Market Overview for Technology for Aging in Place

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Six Health and Aging Technology Blog Posts from January, 2019

January 2019 was a l-o-o-o-n-g month.  And not the least because of travel to California, Nevada, Tennessee, and a hop through Atlanta.  Most because it was difficult to absorb and rationalize so much tech news, hype, booths and convention center halls at the Digital Health Summit at CES 2019 – where a step counter status update may have been the most satisfying experience of all at the end of the day. Chattanooga was a visit to the Alexa World Fair, where the song ‘Everybody’s Talkin’ acquired new meaning – clearly the Voice First landscape, well-tracked by Voicebot.AI and Bret Kinsella, is heating up.  Here are the six blog posts to kick off the new year in January 2019:

2018-2019 look back and ahead at tech buzz, hope, and hype. Who can resist reflection when a year ends and 2019 begins? So much racket, so much of it driven by writers desperate for something to write about – and we’re not talking about the news. Lots of  negative tech energy in 2018, including healthcare data breachesFacebook’s loss of trustditto with Google and its much discussed anti-competitive positioning in search. The visibility of Facebook management issues and Google competitive quagmire may actually be good for consumers.  So what was interesting in 2018 that was great news, possibly intriguing or just plain worth noting prior to CES 2019, which will present a cornucopia (or maybe just a plethora) of new tech and tech news? [Warning, more blog posts about CES next week while there].  A few topics that stood out. Read more.

Ten Technology Offerings from CES 2019 – Beyond Gadgets. Bright Lights, thick smoke, constant walking and avoidance maneuvers.  After taking a year or two off, returning to CES is a chore and a revelation – it clearly is the major event for new technology announcements. Gadgets, yes, too many smart wearables, including underwear, too many near misses of being run over by gangs of oblivious young guys staring at their phones. If there was a key trend in all of this racket, Sleep has become a tech obsession, the uptake of Digital Health is almost here, new variants of companions and assistants were pervasive, including Google Assistant inside everything and Amazon voice devices everywhere. Read more.

Ten More Technology Offerings from CES 2019 -- Beyond Gadgets. CES 2019 – Gone but certainly not forgotten. Multiple blog posts and articles have surfaced since CES 2019 – including some offerings that should be recapped here. No doubt they would have been viewed in person with more time and better tennis shoes at the Sands Convention Center. There was ANOTHER convention center (LVCC) and various hotel events that remained sight unseen. The important insight about CES is that while some offerings were played in a previous year, the networking opportunity for innovators was too good to miss and so many returned.  Read more.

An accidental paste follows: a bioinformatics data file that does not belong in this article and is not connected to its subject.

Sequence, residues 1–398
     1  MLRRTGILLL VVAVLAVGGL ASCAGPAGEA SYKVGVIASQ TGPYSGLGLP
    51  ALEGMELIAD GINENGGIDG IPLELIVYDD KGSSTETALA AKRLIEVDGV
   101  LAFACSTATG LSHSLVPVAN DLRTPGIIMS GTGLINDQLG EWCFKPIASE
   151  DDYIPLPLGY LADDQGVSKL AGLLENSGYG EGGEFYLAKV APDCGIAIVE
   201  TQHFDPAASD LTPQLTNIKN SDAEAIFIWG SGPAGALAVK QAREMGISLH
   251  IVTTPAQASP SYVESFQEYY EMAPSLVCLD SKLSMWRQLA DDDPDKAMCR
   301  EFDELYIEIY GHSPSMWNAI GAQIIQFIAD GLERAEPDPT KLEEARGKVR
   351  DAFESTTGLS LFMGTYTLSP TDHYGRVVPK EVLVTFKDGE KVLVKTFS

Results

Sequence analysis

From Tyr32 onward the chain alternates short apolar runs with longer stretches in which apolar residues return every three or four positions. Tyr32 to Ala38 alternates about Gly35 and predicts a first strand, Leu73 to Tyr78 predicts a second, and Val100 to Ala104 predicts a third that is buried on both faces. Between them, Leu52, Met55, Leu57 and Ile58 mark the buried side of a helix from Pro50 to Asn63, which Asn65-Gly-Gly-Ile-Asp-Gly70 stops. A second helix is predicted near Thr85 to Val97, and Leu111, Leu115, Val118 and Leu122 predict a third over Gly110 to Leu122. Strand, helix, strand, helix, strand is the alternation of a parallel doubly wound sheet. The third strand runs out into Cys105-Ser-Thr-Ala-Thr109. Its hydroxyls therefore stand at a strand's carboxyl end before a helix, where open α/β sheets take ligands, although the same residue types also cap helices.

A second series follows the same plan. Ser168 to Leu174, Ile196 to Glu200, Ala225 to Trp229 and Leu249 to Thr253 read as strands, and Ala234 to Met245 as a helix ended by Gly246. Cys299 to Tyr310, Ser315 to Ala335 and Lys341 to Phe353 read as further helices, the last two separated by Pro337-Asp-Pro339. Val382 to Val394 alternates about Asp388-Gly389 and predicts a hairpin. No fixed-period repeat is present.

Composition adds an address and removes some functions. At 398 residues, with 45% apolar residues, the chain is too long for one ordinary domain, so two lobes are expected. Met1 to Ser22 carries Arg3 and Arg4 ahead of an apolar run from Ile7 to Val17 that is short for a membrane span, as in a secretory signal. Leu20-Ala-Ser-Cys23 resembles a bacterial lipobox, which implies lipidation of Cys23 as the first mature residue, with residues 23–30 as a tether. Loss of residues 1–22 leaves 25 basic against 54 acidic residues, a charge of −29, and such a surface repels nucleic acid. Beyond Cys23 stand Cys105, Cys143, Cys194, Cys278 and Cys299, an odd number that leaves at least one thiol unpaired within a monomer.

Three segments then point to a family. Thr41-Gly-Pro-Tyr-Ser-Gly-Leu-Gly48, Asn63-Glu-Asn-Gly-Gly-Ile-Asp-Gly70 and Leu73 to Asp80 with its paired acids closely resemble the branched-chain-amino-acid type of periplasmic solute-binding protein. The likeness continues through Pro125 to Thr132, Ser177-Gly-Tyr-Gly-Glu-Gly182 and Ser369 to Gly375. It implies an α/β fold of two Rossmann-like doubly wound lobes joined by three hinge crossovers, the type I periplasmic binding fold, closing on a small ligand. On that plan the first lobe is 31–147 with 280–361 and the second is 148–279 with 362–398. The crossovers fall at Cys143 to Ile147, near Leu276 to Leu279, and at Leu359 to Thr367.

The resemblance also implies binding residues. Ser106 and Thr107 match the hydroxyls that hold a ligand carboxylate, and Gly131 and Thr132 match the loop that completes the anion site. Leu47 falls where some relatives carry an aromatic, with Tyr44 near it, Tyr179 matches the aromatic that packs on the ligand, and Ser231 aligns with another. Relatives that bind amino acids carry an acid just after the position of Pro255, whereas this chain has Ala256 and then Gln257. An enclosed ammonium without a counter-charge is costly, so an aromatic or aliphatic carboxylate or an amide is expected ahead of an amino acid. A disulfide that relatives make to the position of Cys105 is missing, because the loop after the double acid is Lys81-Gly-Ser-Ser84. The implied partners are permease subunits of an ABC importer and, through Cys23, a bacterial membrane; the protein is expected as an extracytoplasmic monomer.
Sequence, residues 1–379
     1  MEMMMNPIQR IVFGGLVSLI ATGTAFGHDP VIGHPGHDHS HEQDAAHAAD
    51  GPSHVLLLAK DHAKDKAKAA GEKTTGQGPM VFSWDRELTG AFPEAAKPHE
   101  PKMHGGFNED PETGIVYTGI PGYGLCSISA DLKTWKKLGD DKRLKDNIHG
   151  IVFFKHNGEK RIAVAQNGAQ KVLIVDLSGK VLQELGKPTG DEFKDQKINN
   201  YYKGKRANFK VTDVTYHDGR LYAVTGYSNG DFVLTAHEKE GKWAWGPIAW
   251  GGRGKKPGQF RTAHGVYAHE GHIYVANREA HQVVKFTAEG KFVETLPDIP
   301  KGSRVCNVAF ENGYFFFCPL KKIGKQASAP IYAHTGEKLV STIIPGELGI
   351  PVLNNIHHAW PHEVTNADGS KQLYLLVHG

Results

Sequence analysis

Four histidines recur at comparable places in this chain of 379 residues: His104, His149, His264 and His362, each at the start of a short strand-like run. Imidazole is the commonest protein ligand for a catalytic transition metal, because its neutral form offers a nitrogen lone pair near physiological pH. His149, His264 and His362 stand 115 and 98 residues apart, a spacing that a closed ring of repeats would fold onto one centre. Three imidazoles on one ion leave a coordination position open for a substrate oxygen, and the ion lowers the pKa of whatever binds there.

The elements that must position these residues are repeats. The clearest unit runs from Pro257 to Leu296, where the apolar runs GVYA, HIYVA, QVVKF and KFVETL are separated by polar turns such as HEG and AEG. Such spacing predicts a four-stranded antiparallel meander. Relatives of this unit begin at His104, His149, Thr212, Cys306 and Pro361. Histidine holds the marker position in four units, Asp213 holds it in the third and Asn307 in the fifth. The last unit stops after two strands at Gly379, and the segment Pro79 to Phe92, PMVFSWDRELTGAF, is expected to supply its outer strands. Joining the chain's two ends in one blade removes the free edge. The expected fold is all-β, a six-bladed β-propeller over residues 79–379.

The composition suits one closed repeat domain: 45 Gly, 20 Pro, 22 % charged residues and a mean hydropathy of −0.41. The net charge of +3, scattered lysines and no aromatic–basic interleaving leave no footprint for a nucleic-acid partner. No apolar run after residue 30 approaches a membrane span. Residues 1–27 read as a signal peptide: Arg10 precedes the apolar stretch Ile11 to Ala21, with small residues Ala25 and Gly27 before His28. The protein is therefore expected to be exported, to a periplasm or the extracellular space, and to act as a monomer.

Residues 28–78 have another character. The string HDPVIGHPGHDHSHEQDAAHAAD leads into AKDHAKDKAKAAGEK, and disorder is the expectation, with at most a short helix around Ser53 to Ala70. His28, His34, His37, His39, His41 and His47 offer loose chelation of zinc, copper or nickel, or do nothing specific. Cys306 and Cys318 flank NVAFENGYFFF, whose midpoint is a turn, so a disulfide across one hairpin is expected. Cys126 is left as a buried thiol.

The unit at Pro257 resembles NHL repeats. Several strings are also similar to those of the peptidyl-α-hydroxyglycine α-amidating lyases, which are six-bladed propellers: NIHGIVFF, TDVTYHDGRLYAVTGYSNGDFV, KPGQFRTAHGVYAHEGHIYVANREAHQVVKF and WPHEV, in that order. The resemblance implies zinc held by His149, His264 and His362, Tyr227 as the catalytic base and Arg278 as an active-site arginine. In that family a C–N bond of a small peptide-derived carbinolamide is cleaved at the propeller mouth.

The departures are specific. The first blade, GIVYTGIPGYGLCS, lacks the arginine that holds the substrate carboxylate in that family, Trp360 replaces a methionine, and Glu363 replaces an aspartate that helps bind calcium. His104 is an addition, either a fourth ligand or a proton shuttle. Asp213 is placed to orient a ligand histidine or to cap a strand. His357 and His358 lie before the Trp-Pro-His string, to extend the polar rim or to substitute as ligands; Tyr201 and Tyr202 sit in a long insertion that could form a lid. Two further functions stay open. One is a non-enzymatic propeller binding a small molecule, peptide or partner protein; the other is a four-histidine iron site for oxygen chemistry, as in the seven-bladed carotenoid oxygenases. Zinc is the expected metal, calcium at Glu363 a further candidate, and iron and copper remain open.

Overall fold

Consider: Aging in a Virtual World. Once upon a time, in a language far, far away…We used terms like long distanceremote, and telepresence to describe services and experiences that were taking place somewhere else. We were guided on how to cope with these remote processes where we were not present to manage or experience. And for the care recipients being managed, they were unable to communicate problems in their on-site, 'real' experience. Consider dementia care and the still-startling lack of cameras in these settings – despite family willingness to pay. These limitations seem so yesterday.  Even a telepresence player like Beam threw in the towel and refers to the world it now navigates as ‘virtual.’   Let's take a longer look into this virtual world as it relates to care of older adults and consider such offerings. Read more.

Technology Tool Tarnish – Facebook, Twitter, Google, and LinkedIn. Facebook is the company we increasingly love to hate – but boomers still ‘like’ it. So much negative press, well deserved, about Facebook lately, including the lawsuit about knowingly duping children playing games. Then there was the Pew Research estimated number of deleted accounts (mostly young people) and no small deal, a big security breach.  Clearly this is a company with management issues – and someday will either fail (unlikely), be broken up, or be regulated, even in the US, which has for some unknown reason done nothing to date, unlike privacy actions taken in Europe.   According to eMarketer, though, baby boomers are still big users – of the 76.4 million of them, 31.9 million are using Facebook. Read more.

2019: What Technology Matters for Older Adults. In 2018, technology utilization grew – so did frustrations.  While Internet and social media technology use has plateaued over all age ranges, Facebook still has captured only 41% of the 65+.  Pew’s data showed that smartphone ownership still has not overtaken cellphones among the 65+.   In early 2019, AARP Research published a technology survey taken in 2018 which showed ownership of smartphones growing to 65% of the 65+.  However, that same survey revealed low trust in online safety, and generally low trust in institutions to keep their personal data safe, a justified worry, given the number of data breaches that occurred during 2018. Read more.

[NOTE: If you are reading this as an email, you are welcome to click directly on the website Aging in Place Technology Watch where other useful trend information is located.]

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